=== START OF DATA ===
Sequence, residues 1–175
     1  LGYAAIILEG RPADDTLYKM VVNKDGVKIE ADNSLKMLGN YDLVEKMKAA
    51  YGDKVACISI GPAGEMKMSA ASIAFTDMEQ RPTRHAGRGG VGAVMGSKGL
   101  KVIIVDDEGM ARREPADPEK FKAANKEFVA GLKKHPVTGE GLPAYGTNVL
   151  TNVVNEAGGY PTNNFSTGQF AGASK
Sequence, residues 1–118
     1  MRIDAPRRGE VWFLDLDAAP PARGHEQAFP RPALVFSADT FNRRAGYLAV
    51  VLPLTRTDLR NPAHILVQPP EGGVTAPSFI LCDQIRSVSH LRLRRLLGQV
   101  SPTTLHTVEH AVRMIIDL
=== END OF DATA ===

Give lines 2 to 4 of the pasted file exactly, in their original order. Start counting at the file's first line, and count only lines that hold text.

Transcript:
     1  LGYAAIILEG RPADDTLYKM VVNKDGVKIE ADNSLKMLGN YDLVEKMKAA
    51  YGDKVACISI GPAGEMKMSA ASIAFTDMEQ RPTRHAGRGG VGAVMGSKGL
   101  KVIIVDDEGM ARREPADPEK FKAANKEFVA GLKKHPVTGE GLPAYGTNVL